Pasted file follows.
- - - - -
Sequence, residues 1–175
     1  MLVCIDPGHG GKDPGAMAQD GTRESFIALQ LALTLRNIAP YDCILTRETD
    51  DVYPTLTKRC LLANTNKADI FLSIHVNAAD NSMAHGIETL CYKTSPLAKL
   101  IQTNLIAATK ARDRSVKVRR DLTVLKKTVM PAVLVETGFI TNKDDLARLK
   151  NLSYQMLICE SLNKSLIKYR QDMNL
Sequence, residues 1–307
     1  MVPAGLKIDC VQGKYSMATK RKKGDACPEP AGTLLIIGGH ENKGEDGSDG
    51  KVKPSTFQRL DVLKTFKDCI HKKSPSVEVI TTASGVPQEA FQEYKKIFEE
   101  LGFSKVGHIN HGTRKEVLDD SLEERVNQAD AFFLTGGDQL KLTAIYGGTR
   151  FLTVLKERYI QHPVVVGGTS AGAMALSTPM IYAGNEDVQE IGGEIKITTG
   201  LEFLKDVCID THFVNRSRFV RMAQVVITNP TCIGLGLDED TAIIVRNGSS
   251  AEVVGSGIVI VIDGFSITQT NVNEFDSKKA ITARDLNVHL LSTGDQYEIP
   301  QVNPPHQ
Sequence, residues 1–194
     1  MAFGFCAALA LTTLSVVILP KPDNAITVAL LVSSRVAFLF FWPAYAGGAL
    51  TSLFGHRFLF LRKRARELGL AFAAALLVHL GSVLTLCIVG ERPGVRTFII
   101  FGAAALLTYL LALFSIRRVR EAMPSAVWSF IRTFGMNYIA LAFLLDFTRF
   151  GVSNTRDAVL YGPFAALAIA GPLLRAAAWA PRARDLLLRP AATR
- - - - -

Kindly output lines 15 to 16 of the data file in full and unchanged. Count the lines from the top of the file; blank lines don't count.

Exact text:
     1  MAFGFCAALA LTTLSVVILP KPDNAITVAL LVSSRVAFLF FWPAYAGGAL
    51  TSLFGHRFLF LRKRARELGL AFAAALLVHL GSVLTLCIVG ERPGVRTFII